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  1. 1. Rebecca Haught The Hunger Games and The World. Welcome Page: Welcome: The Hunger Games Description: Welcome Students! For this task your groups will be preparing your debate! Debate is the life-blood of politics and is critical for voters to understand. Grade Level: 6-8 Curriculum: English / Language Arts / Speech Keywords:Debate, The Hunger Games Author: Rebecca Haught Introduction Page: Hello my young debaters! For this task we will be working in our groups again, and breaking into four roles: introduction, speaker 1, speaker 2, and closing arguer. Debate is a crucial part of politics in the world, so we will be practicing what we know about “The Hunger Games,” and what we know about persuasive writing, and having a live debate in the classroom! We can also invite students from around the school so they may view it and give us feedback! Task Page:
  2. 2. Your task is to convince more students to believe what you are arguing in favor of. You will be randomly assigned pro or con on one of four topics. The Topics are as followed: should Panem revolt against the Capitol, should Katniss have volunteered for her sister, should Katniss be part of the revolution or help the Capitol, or should the Hunger Games continue? I understand that some of you may not agree with the point of view you are assigned, but if you can debate in favor of something you can agree with, you can debate anything. The best way to understand your opposition is to try walking in their shoes. Process Page: Step one: Break into your groups of 4 Step two: Take time to analyze your topic, and go on a mission to find evidence for why your side is right. The evidence can be found in your book, “The Hunger Games,” but a much faster way would be to use the link provided below for SparkNotes. SparkNotes has summaries of each chapter, so you can find what you are looking for quickly, and then reference the book if you need more specific information. Once your team has gathered information, you should have 4-6 points and examples to support your argument. Step three: Decide who will be each role. Intro speaker: The introduction speaker will deliver a 1-2 minute speech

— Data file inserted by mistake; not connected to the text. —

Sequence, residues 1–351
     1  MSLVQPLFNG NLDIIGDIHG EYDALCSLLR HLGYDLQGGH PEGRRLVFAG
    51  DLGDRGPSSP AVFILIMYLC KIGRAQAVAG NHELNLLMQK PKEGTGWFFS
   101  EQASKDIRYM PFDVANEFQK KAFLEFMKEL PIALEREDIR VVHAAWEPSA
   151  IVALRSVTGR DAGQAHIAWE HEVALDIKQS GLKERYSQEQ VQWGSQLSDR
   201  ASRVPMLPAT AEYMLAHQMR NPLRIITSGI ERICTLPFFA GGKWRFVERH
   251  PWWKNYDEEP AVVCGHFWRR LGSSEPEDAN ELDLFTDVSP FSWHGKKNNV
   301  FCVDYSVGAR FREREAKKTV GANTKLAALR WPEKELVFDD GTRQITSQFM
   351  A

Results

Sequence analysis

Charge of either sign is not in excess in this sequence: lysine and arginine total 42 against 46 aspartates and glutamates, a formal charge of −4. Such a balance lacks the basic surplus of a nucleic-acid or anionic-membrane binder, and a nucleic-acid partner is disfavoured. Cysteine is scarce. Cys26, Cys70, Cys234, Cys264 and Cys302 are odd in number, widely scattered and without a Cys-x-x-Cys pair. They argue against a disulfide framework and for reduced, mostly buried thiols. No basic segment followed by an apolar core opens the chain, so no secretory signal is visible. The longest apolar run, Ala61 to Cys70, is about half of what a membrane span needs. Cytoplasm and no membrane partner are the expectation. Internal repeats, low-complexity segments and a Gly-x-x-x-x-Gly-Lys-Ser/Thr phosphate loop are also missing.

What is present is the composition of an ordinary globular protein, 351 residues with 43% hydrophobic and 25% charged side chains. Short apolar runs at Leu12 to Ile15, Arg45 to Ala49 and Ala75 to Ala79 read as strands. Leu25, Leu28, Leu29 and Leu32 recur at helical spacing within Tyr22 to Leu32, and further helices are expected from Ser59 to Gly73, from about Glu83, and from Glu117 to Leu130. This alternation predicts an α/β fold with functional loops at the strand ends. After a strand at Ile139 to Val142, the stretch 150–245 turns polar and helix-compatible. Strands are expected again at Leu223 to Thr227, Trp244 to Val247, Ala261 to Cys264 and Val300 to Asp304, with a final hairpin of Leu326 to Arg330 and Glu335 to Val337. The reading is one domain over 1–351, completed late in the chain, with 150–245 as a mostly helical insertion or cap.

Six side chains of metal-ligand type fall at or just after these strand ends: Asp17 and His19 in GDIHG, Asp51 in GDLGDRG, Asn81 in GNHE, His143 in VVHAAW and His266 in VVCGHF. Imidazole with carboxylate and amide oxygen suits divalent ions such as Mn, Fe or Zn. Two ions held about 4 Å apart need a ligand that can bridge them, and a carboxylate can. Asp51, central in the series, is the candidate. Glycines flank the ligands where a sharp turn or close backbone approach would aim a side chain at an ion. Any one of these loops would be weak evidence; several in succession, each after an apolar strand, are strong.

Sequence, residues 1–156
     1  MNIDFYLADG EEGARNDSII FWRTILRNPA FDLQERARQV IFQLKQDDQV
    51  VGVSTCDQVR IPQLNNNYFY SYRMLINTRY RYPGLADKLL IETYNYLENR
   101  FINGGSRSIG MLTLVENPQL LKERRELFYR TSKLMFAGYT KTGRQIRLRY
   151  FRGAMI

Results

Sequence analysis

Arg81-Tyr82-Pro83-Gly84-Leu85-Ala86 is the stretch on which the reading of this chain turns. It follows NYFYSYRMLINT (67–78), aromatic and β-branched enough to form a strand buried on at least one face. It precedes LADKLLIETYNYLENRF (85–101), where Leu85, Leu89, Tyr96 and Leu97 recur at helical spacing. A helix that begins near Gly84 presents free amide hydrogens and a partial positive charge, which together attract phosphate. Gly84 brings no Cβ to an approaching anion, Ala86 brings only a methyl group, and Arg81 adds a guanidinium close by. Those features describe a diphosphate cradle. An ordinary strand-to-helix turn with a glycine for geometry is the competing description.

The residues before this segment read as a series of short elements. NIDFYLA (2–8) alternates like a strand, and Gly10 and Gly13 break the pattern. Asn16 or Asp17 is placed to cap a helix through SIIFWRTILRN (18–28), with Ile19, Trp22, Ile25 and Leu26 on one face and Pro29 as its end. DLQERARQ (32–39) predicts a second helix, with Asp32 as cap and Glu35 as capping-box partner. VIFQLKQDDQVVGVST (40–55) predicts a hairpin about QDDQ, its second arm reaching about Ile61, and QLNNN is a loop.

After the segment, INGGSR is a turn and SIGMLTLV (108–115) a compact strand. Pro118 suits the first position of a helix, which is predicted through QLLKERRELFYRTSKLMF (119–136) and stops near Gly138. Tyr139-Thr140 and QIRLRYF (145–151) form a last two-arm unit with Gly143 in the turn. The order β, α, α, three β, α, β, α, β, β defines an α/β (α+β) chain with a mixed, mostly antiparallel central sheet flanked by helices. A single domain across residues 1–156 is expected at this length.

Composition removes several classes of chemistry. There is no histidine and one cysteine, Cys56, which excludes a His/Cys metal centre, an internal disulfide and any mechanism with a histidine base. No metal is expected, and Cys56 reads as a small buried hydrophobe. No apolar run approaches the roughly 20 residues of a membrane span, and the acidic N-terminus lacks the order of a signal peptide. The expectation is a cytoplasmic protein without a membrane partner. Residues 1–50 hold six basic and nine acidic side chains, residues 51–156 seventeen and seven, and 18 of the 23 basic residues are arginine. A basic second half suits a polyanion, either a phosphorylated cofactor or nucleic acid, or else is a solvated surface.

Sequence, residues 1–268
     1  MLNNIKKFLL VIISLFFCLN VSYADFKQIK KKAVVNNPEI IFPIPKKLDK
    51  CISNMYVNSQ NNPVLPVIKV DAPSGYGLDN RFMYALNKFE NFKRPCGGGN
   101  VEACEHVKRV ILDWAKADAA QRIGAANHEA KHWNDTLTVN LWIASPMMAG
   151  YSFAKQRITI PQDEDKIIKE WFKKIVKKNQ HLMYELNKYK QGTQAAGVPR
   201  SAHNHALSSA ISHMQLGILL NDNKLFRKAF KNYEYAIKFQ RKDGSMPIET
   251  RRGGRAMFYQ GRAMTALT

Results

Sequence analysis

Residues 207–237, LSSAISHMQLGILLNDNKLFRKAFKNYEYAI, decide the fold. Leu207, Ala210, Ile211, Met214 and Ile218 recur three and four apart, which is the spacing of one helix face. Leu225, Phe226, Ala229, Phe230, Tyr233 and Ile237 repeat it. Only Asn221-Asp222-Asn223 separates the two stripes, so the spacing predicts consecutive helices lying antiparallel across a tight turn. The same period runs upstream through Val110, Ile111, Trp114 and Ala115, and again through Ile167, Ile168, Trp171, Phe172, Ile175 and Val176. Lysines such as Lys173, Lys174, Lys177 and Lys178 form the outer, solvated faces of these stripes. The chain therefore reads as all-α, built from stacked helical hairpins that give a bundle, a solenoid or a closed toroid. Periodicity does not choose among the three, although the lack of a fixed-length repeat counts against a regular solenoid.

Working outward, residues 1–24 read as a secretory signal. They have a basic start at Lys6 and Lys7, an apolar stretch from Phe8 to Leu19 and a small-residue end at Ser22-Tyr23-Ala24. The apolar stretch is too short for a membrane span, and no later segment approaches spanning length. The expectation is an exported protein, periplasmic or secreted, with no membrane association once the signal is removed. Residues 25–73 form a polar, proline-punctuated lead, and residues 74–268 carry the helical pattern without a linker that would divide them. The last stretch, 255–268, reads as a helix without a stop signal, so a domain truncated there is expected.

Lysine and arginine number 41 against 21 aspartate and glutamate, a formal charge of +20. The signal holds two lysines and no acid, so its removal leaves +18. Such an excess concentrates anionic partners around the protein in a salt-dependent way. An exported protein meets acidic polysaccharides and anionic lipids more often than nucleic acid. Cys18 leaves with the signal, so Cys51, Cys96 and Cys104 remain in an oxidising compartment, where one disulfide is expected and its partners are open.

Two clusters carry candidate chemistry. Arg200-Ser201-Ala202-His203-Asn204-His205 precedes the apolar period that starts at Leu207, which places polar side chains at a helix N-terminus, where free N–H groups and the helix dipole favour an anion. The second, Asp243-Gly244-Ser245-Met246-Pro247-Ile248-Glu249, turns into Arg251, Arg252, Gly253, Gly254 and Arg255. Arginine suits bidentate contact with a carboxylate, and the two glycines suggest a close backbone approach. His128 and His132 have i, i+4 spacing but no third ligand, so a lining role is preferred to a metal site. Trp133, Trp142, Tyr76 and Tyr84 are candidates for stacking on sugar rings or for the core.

3. 3. summarizing your groups’ point of view and main points. This role is important because your audience does not have a piece of paper with the speech on it, so they can not remember at the end everything that you said, but giving a brief introduction, and then hearing the points repeated in the speech, will help the audience remember your examples and evidence. Speaker 1:Speaker one will speak first if your team is pro. They will highlight the first 2-3 points and examples your group has prepared. If your team is con, speaker one will rebuttal the pro argument using your researched examples. Speaker 2: Speaker two will speak third if your team is pro. They will deliver the final 2-3 points your group has prepared, and address arguments your opposition has made. Speaker two will be the last debater to speak if your group is con. This will be your groups’ final chance to directly rebuttal the opposition. Closing Arguer: The pro team will again go first in closing arguments. This is very similar to the introduction speaker. The closing arguments should include a summary of your points, and your main idea. This will be a chance to refresh your audience on your main points throughout the debate. After the debate is over, the students will vote on which side convinced them most. The students can choose to give some feedback to help the debaters so in the next debate they can improve!